5. New Mom can’t get mad at the baby. Logically, New Mom knows that the reason she can’t sleep and why her house smells like milk is because of this baby. This precious, adorable, sweet baby that she just can’t get mad at no matter how zombie-like she feels. So she takes that frustration and points it at you, New Dad, like you’re the one waking her up at 2 in the morning for cuddles and milk. This might not be my best advice, but I’d say this is a good time to be a punching bag for her instead of trying to make a case for being mad at the baby (pointing at a newborn and yelling “He started it!” isn’t going to win friends or influence people).
  6. New Mom has nothing to wear. This ties into #1, but is more about frustration than sadness. Her pre-baby clothes don’t quite fit. Her maternity clothes fit, but that’s just sad. And she doesn’t want to buy anything because “I’m not going to be this size forever… am I?” Go shopping with her and tell her she’s pretty.
  7. New Mom needs protection. I think women always want their men to be protective and assertive (see the success of Fifty Shades of Gray), but I think this need goes into overdrive when she becomes a New Mom. She doesn’t want to be the bad guy telling people they can’t come over. She doesn’t want to fight with the insurance company because they incorrectly raised the deductible. She wants to be protected. She wants you to create a barrier between her and the outside world. She may be the naturally assertive one in the relationship that normally handles the in-laws or tells the cable guy where to shove it, but I am pretty sure you’d win big points by stepping in and saying, “Let me handle this.”
  8. New Mom needs permission to rest. Most women go into motherhood truly believing they can do it all. That all those other moms with dirty houses and cranky babies just didn’t know what they were doing. Our Supermom Complex leads to burnout and fast. The worst part is that most moms refuse to cry uncle and take some time to ourselves.Give your New Mom permission to rest. Point out that the baby is sleeping, that you cleaned the kitchen, and that she needs to take a napWhen she tries to argue remind her that you’re protecting her… from herself.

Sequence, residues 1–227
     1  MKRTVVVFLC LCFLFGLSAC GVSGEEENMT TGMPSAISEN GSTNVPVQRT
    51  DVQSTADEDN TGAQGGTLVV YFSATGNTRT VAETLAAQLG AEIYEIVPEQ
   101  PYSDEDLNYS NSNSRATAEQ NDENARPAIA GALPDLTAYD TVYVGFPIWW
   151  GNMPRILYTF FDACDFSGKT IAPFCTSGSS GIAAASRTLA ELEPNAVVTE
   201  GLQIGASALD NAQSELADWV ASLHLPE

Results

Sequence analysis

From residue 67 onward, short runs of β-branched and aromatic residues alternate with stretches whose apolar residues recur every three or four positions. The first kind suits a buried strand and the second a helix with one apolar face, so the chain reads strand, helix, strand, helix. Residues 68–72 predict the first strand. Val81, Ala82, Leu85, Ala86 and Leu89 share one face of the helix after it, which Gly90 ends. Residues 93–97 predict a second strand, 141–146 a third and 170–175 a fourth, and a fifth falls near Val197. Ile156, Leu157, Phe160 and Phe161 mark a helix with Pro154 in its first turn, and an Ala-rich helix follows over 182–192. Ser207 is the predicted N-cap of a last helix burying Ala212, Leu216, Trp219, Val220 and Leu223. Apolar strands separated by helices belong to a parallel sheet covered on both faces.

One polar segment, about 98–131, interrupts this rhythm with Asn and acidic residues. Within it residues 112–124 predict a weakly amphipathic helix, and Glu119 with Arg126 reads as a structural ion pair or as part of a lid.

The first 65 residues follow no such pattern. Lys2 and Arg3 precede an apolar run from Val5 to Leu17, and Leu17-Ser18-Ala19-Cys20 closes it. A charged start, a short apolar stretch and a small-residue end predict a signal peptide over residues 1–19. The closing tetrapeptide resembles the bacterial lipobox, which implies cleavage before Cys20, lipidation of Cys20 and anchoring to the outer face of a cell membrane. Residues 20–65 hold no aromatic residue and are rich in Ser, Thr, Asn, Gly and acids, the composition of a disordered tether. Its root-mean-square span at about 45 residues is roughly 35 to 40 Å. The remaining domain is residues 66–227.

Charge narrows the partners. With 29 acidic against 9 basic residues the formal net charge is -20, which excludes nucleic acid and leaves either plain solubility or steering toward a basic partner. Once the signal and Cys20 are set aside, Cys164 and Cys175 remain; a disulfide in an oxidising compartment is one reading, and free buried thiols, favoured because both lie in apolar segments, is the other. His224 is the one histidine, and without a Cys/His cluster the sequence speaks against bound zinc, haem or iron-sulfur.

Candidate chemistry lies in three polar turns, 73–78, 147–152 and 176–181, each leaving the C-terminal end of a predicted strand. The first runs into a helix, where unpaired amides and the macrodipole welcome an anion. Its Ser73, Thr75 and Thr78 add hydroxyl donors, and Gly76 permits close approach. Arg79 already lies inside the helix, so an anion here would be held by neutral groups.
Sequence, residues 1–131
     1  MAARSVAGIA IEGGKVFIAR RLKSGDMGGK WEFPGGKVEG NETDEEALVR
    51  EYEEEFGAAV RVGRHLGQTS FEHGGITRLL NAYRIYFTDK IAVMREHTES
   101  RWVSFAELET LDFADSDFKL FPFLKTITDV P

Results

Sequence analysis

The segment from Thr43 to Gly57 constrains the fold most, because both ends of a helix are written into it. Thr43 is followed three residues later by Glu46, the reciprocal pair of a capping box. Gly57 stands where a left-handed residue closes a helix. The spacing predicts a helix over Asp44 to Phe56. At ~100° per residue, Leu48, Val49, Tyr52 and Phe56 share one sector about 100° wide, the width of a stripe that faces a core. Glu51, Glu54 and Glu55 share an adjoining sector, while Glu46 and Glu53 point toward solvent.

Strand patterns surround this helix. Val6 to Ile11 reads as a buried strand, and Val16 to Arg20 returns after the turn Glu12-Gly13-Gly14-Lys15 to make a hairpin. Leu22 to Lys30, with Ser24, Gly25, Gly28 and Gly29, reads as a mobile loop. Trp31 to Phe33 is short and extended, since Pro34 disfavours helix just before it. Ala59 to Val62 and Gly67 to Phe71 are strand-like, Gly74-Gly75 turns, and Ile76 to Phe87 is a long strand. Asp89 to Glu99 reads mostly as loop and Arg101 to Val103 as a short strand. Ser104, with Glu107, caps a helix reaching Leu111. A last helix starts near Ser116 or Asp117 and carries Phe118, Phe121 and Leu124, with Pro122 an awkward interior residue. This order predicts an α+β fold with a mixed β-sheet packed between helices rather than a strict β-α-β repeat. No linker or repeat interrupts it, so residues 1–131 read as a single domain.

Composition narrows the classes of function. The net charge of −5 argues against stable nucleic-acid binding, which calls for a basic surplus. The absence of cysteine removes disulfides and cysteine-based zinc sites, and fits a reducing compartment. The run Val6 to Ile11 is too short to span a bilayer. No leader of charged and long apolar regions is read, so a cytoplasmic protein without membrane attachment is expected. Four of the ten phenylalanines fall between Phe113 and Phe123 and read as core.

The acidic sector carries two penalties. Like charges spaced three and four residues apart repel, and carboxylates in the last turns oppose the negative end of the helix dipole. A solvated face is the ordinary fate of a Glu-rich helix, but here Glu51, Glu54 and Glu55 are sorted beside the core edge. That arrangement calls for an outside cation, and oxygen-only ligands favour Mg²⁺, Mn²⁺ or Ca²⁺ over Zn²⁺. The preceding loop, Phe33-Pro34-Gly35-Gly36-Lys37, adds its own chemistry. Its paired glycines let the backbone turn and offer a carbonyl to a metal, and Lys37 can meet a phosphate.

9. New Mom needs to be asked what she needs. I’m writing this from my point of view and experience as a New Mom. I know that a lot of this was experienced by a lot of other New Moms, but the very best way to find out what you  need to know about your New Mom? Ask her.
  10. New Mom really loves you. She loves watching you become a dad. She loves hearing how this new little human is changing you. She loves that the little human has your ears and toes. It might not seem logical, but every time you bond with that little baby you’re bonding with her. She is getting a front row seat to her family being born and there is no better foreplay in the world. In 6-8 weeks. Promise.

So that’s the 10 things to know about New Mom. Check out 10 things to know about New Dad!

P.S. I put together Babyproof Your Marriage: 10 Expectations Every Couple Should Discuss Before the Baby Arrives, a free guide to entering Married with Children Status with your eyes wide open! Get your copy here and get your marriage ready for baby now!

Babyproof Your Marriage: 10 Things New Dads Need to Know About New Moms

157 thoughts on “Babyproof Your Marriage: 10 Things New Dads Need to Know About New Moms

  1. Hubby and I are planning to have a baby next year and we’re gonna be 1st time mom and dad! This article puts a smile on my face… so exciting! Looking forward to read 10 things to know about New Dad and share it to hubby! 😀 Many thanks!!!

    1. lil says:

      loved your article! you put into words what most women feel…..I enjoyed reading it…..and having 3 sons, 2 daughters and 8 grandchildren, I have seen it…..